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Microsoft reportedly prepares Surface Studio 3 with two-generation-old CPU and GPU

A woman working with the Surface Studio all-in-one

Microsoft plans to unveil next-generation Surface devices during its annual event announced for October 12, 2022. Besides new Surface Pro and Laptop models, Microsoft will show the much-anticipated third-gen Surface Studio all-in-one (do not confuse it with the Surface Laptop Studio). As usual, last-minute leaks reveal slightly disappointing details about the largest Surface computer with a sophisticated hinge.

Windows Central reports that the upcoming Surface Studio 3 will remain a high-end premium device with a price tag climbing past a $3,000 threshold. Rumors claim Microsoft has decided to offer a single SKU with an 11th Gen Intel processor and "last-gen" Nvidia RTX graphics card. Two-generation-old hardware is quite a disappointment for such an expensive computer, especially considering performance and architecture improvements in Intel's 12th and 13th Gen CPUs. Other specs reportedly include only 32GB of RAM and a 1TB solid-state drive.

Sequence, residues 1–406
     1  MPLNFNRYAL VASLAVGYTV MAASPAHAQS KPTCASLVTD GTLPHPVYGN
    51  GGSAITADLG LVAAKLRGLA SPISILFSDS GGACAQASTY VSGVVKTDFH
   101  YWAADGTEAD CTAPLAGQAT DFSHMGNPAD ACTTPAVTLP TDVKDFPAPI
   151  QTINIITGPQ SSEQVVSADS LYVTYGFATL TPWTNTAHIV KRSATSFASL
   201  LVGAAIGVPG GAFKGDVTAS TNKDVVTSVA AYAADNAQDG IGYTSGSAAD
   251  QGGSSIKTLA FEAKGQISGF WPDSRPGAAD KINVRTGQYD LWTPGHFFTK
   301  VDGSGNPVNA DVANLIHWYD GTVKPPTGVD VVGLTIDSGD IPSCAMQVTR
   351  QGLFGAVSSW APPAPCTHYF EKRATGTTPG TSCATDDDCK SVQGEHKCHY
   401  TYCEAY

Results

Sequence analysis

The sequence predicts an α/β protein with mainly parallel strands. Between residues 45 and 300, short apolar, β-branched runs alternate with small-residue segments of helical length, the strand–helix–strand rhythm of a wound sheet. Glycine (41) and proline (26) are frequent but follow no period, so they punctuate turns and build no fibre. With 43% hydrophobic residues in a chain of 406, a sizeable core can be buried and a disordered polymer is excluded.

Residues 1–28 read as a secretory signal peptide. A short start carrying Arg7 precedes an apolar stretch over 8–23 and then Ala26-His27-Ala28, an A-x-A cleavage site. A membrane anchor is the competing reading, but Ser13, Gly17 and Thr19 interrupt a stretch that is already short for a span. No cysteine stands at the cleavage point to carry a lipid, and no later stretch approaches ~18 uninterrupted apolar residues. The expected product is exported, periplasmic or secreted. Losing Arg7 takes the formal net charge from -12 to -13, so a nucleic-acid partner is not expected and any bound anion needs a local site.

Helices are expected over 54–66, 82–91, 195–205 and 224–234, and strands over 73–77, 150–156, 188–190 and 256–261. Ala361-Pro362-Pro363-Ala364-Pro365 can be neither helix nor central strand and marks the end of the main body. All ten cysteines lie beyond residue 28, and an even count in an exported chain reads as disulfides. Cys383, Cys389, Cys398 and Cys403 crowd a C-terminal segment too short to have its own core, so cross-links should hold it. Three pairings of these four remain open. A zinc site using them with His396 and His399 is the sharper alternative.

Of course, the new hardware will be much more capable compared to what the Surface Studio 2 offers (7th Gen Intel processor and the Nvidia GTX 1070 graphics card), but it is still sad to see Microsoft not opting for more recent and powerful components. The company still wants to play it safe after choosing the newest processors that caused many problems in the Surface Pro 4 and the original Surface Book.

Design-wise, the Surface Studio 3 will most likely remain identical to its predecessor. A leak from the FCC recently revealed the Surface Studio 3 with the same hinge, base, and large bezels around the display. Even the keyboard and mouse that Microsoft bundles with the Surface Studio 3 will get little to no changes. The "updated" Surface Pen will feature the classic rounded design, meaning no wireless charging like in the Surface Slim Pen 2.

The allegedly Surface Studio 3 next to a testing hardware somewhere in China

As for the other features, like a high refresh rate display, upgraded speakers, or better thermals, we need to wait for October 12 to hear from Microsoft itself. Those not interested in buying a $3,000 all-in-one with a slightly outdated hardware might be more interested in the more affordable Surface Pro 9 or Surface Laptop 5.

Would you consider a $3000+ all-in-one with two-generation-old hardware? Share your thoughts in the comments.

Source: Windows Central

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